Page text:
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High-Tech Transportation: Can Congress Regulate Technology that Doesn’t Exist Yet?

A reporter walks toward Google's new self-driving prototype car during a demonstration at the Google campus in Mountain View, Calif.

A reporter walks toward Google's new self-driving prototype car during a demonstration at the Google campus in Mountain View, Calif. // Tony Avelar/AP

Cutting-edge transportation -- driverless trucks and cargo systems, among others -- could make the United States more competitive in global commerce, according to members of a Senate subcommittee.

During a recent Senate subcommittee hearing, witnesses from companies including Amazon and Volvo submitted videos demonstrating automated transportation technology, many of them still in the development stage. The Port of Long Beach’s senior executive lead Michael Christensen, for instance, showed a video concept for a harbor terminal populated by computer-guided driverless trucks and cargo systems. 

“This is about competition,” Sen. Maria Cantwell, D-Wash., said during the hearing. The discussion should be about whether the United States is making sure the product transportation systems are cost effective, "or whether that business is going to Canada, or via the Panama Canal," she added. 

Lawmakers also debated with witnesses whether these systems could improve consumer safety. Could "smart trucks" like those being developed by Volvo, for example, effectively wake up an about-to-snooze driver?

Susan Alt, senior vice president for public affairs at the Volvo Group North America, showed lawmakers a concept for a system that could scan its environment in 360 degrees, analyze traffic and predict a pedestrian or cyclist's behavior. (This technology could potentially be market-ready in five to 10 years, according to Volvo.)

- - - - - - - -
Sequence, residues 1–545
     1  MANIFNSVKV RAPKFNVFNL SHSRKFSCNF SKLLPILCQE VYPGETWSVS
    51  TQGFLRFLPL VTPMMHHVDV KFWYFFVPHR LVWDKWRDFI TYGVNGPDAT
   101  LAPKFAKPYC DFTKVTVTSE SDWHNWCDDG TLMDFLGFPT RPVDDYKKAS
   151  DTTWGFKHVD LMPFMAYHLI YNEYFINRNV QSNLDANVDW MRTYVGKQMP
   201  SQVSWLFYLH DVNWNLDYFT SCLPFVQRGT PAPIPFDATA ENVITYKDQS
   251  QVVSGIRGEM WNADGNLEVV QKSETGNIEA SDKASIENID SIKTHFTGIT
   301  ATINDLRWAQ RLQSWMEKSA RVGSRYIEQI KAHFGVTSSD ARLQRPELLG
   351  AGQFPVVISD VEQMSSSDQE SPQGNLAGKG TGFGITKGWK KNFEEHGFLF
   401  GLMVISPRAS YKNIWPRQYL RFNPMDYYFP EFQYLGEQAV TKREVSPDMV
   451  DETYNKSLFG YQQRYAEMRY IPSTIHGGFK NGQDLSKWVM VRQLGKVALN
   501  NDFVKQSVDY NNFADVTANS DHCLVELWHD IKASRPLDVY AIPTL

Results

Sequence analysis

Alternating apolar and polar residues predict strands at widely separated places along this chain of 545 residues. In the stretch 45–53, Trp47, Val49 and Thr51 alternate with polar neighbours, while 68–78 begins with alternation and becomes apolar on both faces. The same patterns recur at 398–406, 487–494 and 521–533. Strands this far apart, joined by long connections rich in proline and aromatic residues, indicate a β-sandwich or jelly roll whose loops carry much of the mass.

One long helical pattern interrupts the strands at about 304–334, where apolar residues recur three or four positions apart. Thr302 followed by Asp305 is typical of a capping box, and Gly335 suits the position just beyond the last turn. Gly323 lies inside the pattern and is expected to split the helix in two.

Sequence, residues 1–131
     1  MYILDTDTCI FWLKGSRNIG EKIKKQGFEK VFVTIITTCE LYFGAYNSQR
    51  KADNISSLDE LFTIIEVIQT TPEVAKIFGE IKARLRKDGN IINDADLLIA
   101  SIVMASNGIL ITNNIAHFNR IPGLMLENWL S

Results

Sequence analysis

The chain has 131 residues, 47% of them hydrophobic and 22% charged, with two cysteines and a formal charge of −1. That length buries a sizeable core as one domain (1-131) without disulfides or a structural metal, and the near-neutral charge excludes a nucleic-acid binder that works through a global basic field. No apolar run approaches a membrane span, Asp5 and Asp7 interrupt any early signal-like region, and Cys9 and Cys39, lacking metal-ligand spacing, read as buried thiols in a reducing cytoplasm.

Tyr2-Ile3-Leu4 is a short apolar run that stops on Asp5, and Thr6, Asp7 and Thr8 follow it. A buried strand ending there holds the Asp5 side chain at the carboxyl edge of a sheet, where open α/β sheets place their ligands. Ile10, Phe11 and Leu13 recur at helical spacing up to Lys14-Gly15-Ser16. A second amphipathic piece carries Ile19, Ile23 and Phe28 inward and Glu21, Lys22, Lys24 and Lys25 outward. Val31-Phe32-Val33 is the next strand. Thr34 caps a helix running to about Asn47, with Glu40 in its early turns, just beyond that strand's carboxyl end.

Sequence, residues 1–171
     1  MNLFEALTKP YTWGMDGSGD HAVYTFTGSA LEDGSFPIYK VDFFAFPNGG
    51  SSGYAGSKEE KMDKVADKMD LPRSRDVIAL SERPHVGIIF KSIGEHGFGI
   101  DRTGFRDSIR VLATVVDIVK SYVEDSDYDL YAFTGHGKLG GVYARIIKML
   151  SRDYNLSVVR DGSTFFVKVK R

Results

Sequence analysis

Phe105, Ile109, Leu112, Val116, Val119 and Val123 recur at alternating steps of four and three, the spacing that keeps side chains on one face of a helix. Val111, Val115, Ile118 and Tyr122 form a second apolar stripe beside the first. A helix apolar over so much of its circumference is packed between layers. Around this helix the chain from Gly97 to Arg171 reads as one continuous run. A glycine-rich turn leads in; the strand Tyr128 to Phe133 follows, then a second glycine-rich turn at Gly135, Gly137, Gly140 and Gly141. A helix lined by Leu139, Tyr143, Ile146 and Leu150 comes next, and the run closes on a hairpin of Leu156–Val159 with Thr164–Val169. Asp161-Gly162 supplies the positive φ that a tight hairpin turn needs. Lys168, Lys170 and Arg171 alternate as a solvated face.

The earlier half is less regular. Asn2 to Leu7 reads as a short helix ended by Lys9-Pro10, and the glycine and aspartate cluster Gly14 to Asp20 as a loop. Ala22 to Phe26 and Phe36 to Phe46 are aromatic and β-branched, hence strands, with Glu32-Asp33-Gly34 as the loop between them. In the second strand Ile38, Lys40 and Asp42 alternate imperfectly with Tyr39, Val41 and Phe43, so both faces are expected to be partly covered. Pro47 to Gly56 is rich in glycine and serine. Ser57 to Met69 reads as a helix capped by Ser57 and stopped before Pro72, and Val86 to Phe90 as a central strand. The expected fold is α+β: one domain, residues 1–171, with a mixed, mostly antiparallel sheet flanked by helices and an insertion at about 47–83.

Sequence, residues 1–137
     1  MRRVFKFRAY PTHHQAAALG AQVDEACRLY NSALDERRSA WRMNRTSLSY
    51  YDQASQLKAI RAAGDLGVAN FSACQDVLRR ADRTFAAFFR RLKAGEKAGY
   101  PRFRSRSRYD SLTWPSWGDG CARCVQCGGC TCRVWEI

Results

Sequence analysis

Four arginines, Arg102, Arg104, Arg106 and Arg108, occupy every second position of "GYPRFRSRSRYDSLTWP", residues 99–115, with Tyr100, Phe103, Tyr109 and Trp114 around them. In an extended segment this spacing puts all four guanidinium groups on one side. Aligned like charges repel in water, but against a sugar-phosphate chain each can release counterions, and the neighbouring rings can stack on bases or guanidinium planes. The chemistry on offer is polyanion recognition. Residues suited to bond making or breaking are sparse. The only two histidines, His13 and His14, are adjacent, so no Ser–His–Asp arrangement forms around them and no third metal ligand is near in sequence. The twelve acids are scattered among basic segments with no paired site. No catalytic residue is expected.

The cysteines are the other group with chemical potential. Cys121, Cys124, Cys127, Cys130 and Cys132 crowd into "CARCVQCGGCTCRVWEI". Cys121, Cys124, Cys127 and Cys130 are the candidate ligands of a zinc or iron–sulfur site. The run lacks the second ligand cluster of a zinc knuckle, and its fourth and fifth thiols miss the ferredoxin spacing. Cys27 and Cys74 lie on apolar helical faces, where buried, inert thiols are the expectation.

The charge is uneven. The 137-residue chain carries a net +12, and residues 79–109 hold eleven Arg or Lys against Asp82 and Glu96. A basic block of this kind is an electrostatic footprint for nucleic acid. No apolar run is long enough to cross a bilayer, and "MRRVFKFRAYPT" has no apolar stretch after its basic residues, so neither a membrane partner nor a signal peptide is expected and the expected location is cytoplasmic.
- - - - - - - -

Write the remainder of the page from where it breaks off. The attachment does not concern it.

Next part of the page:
She also described on-board systems that could record the number of hours a driver had driven, and could potentially shut down the truck if the driver went beyond their limit. Other systems might vibrate the drivers' seat or play a loud, unpleasant noise to wake them up. 

But federal regulations are still needed before this technology can evolve, Alt said. 

“The challenge is ... the products we build go across states," she said. Companies such as Volvo need federal standards for the technology, she said, including as basic as defining what "driver" means. In a driverless environment, that could describe either the human responsible or the technology system guiding the vehicle. 

Driverless systems could also improve the safety of others on the road, she argued. 

"The more that vehicles can speak to each other, vehicle to vehicle, trucks talking to trucks,and/or trucks talking to cars...that is the technology that would help reduce crashes," she said. 

But she admitted that consumers, and even large companies, are still wary of driverless technology and its safety implications. 

That prompted another member of the Senate subcommittee, Deb. Fischer, R-Neb., to ponder, "is it possible for the federal government to move forward with regulations if society's not ready for it?"

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